2019 AHA Guidelines: Updated Guidelines for CPR and ECC

By: Cascade Training | Posted on: Jan 15, 2020

Cardiovascular disease is the number one cause of death in the United States. More than one million coronary events—including heart attacks—were expected to occur in 2019, including 720,000 new events; many events will occur outside hospital walls. Even more disturbing, 90 percent of cardiac arrest victims will not survive.

Getting cardiopulmonary resuscitation (CPR) training from an approved AHA (American Heart Association) administrator could help you save a life someday. Cascade Training Center offers courses in CPR and ECC (emergency cardiovascular care) that follow AHA guidelines.

In 2019, the American Heart Association updated its guidelines on CPR and for AHA Emergency Cardiovascular Care resuscitation experts. They now require that instruments and training devices provide voice directed, specific and real-time expert feedback for students and instructors. Scientific data supports the idea that training devices and Automated External Defibrillators (AEDs) along with coaching feedback will help students understand what high-quality CPR feels like.

The AHA revised their recommendations on the use of advanced airways, vasopressors, and extracorporeal cardiopulmonary resuscitation only during cardiac arrest. They include the choice of devices and strategies used, required training and retraining, administration of standard-dose epinephrine and the potential impact of extracorporeal cardiopulmonary resuscitation on cardiac arrest survival. The update suggests that BMV (bag-mask ventilation) without an advanced airway device might not be enough to resuscitate patients and protect against pulmonary aspiration.

AHA-Guidelines-2019

The AHA also updated guidelines on systems of care for dispatcher-assisted (DA) cardiopulmonary resuscitation (CPR) and cardiac arrest centers (CACs). These are based on reviews requested by the International Liaison Committee on Resuscitation (ILCOR) Basic Life Support Task Force and showed better outcomes for patients when DA-CPR was administered in out-of-hospital cardiac arrest cases. The update also supports using DA-CPR on pediatric patients as indicated by the Consensus on Science with Treatment Recommendations (CoSTR) summary. Council-specific guidelines also recommend that emergency medical dispatch centers offer DA-CPR for presumed pediatric cardiac arrest, especially when no bystander is in the process of administering CPR.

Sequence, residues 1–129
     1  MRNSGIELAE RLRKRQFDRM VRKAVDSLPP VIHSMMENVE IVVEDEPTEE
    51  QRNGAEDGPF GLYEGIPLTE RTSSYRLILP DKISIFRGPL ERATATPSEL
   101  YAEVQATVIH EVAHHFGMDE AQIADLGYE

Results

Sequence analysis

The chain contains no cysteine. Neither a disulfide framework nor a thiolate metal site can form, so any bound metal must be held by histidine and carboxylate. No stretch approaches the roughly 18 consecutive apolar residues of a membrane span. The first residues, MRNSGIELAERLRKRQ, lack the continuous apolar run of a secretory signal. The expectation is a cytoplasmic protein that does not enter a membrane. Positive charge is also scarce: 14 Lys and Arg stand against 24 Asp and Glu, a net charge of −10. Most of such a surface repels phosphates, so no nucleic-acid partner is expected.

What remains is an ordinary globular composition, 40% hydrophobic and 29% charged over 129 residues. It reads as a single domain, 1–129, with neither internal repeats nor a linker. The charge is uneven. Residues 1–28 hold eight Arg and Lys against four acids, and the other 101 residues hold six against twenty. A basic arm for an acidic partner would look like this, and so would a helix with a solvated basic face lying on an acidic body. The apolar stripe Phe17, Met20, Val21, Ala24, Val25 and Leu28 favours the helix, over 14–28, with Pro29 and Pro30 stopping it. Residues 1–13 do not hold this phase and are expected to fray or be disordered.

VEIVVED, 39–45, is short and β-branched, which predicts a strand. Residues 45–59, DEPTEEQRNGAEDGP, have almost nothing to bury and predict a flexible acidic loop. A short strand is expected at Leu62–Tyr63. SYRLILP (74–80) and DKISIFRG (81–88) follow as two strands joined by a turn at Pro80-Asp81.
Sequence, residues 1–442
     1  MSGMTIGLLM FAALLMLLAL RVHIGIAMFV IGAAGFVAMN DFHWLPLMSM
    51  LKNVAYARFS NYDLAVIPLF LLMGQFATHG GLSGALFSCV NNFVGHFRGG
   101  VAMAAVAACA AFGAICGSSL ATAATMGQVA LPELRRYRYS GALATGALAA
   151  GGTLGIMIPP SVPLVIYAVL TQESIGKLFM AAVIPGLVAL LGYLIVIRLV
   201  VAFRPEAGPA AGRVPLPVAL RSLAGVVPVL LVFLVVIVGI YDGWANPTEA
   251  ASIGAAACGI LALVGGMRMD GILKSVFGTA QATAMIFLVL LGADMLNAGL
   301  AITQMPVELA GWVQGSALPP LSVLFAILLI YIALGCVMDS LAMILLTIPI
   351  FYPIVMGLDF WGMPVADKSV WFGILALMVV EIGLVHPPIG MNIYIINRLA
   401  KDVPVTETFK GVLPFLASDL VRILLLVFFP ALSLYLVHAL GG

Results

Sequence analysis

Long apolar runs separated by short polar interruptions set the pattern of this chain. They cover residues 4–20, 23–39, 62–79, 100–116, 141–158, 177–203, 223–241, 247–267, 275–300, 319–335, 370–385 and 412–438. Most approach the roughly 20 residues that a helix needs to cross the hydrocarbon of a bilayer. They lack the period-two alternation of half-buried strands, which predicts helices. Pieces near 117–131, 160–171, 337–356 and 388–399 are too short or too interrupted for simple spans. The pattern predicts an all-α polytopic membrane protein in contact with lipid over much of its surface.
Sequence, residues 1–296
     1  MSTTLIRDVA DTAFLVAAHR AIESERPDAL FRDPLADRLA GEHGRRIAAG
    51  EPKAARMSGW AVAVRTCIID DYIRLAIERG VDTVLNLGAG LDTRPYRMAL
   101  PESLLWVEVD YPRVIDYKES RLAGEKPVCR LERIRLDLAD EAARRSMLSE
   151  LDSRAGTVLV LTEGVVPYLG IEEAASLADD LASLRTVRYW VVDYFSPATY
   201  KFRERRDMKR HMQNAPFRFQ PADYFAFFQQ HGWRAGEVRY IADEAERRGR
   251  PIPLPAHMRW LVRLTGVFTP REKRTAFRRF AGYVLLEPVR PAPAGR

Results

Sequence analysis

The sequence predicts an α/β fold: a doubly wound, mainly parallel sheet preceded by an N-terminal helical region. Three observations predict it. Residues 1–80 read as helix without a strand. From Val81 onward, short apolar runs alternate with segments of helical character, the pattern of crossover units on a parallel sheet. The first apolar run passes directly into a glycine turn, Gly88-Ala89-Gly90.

In summary, the AHA updates recommend:

  • Considering either BMV or an advanced airway strategy during adult CPR
  • Using an SGA (supraglottic airway) strategy can be applied with an advanced airway in out-of-hospital settings with low tracheal intubation success rates or minimal training opportunities
  • Either SGA or ETT (endotracheal intubation) strategy can be used with an advanced airway in out-of-hospital settings with high tracheal intubation success rates or optimal training opportunities
  • Either SGA or ETT strategy can be used with an advanced airway in hospital settings by expert providers who have been trained in these procedures
  • Frequent training or retraining for providers who perform ETI (endotracheal intubation)
  • Ongoing programs of quality improvement for EMS systems that perform prehospital intubation to minimize complications and track ETI and SGA placement success

    Cascade Training Centers offer a broad range of CPR (and more) courses at locations in Oregon, Washington and California for both healthcare professionals and lay people. Since 2002, Cascade has credentialed more than 100,000 people per year, offering customized training and compliance programs, as well as more than 20 nationally validated certification courses.